“The emerging church movement has come to believe that the ultimate context of the spiritual aspirations of a follower of Jesus Christ is not Christianity but rather the kingdom of God . . . to believe that God is limited to it [Christianity] would be an attempt to manage God. If one holds that Christ is confined to Christianity, one has chosen a god that is not sovereign”[16]

At the surface view of this idea, it may seem like an extreme step in the direction of syncretism and in some respect, it is. Others may argue this view is an attempt to modernize a contextualization of the Gospel in a culturally relevant way. But, in other respects it is a progression into inclusivity, which one could argue the kingdom of God is a kingdom of inclusivity. When we don’t put so much worry into what it looks like to “show someone Jesus” we get incredible results like the one’s Herbert Hoefer has reported, saying:

“Research undertaken in the mid-eighties and published in 1991, Herbert E. Hoefer found that the people of Madras City are far closer to historic Christianity than the populace of any cities in the western Christian world could ever claim to be. Yet these are not Christians, but rather Hindus and Muslims. In their midst is a significant number of true believers in Christ…yet remain outside the institutional church.”[17]

He goes on further to say:

“Some might argue that this [the “smothering embrace of Hinduism”] is the danger with the ishta devata strategy I am proposing. It will lead not to an indigenous Christianity but to a Christianized Hinduism. Perhaps more accurately we should say a Christ-ized Hinduism. I would suggest that really both are the same, and therefore we should not worry about it. We do not want to change the culture or the religious genius of India. We simply want to bring Christ and His Gospel into the center of it.”[18]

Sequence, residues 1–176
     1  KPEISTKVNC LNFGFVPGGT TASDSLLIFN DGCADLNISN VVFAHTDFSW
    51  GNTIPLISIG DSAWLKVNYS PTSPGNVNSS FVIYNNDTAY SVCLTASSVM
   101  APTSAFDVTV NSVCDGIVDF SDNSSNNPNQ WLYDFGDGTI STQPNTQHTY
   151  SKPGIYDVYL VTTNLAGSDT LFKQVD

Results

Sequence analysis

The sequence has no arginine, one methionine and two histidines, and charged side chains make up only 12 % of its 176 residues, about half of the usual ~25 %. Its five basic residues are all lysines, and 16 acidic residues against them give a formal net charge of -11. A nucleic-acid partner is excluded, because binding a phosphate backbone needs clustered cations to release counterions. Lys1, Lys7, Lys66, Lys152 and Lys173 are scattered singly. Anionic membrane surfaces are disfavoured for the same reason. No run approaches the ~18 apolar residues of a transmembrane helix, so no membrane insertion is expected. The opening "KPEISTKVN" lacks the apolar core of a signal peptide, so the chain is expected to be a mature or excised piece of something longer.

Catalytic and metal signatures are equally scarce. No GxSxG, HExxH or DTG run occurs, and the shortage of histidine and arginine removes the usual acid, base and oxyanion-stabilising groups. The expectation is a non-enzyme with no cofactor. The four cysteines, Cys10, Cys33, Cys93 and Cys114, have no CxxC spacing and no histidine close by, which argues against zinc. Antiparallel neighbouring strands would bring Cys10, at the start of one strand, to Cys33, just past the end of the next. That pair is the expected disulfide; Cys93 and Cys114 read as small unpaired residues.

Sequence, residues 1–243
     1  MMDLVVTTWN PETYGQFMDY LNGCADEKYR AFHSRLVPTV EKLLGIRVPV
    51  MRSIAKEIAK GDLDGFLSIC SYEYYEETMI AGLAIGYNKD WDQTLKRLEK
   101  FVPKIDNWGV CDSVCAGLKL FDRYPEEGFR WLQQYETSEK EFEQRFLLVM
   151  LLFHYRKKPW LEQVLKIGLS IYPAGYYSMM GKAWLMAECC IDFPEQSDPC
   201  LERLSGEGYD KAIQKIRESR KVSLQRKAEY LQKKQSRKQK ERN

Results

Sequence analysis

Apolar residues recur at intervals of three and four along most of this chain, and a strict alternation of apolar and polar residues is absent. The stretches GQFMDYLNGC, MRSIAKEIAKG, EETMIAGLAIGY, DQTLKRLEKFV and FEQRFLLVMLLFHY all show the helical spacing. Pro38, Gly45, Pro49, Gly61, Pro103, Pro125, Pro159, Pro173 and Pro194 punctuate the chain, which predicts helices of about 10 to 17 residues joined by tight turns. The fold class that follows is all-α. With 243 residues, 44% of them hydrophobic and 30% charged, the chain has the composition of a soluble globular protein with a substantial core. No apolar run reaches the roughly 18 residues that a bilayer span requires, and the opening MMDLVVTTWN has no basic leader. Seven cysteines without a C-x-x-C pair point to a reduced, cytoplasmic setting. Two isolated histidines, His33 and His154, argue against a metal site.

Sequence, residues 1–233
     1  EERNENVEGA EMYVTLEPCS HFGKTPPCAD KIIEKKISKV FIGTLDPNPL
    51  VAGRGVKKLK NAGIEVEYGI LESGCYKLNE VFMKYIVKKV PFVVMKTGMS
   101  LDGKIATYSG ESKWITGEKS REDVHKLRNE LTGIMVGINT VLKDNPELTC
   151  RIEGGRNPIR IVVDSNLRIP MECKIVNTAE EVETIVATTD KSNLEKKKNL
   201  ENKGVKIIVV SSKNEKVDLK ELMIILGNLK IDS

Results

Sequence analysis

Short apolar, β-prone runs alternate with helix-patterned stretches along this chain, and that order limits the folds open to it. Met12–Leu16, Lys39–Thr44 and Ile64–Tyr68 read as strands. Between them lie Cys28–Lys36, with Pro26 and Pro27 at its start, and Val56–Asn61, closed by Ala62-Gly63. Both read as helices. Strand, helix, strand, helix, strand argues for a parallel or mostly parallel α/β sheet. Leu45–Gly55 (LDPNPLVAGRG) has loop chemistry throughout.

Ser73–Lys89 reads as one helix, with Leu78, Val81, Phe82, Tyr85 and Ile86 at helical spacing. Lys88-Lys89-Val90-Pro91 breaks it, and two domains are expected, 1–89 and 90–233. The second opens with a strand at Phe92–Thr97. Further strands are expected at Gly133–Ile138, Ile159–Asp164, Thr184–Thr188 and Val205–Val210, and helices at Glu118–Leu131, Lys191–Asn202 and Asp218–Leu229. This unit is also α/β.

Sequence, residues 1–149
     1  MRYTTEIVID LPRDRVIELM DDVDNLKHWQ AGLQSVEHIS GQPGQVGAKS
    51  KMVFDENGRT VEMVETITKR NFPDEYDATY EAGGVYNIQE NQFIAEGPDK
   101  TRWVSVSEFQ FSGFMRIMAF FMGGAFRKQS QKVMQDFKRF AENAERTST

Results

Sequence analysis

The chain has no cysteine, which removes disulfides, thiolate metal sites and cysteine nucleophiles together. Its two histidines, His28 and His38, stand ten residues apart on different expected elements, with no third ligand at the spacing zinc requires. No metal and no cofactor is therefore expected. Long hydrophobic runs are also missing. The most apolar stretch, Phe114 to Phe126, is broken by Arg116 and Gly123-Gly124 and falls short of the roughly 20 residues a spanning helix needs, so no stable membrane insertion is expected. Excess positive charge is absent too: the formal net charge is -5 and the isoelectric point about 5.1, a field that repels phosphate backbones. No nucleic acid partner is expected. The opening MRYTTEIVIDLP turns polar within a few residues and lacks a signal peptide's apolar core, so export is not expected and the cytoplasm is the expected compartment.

Jesus, The Center of it All

If we truly believe God is sovereign and God chose to come into this world as a human, then there should be no problem in giving a community of people Jesus and allowing them to recontextualize it within their own religious traditions. But it seems like the religious gatekeepers want it all or nothing, saying “you believe these certain propositional beliefs, or you’re not a Christian”. Even to go as far as saying “you either believe all of the Bible or you can’t have Jesus,”[19] but it seems to me if one takes the Biblical narrative as literally historically true then guys like Abraham, Moses, Enoch, ect, had no way to affirm intellectual propositions about Jesus. This point changes the entire conversation and these are just a few examples of why we need to change the way we are thinking about spreading the gospel because the propositional gospel[20] is not working. One author writes what he believes the direction the church needs to go is: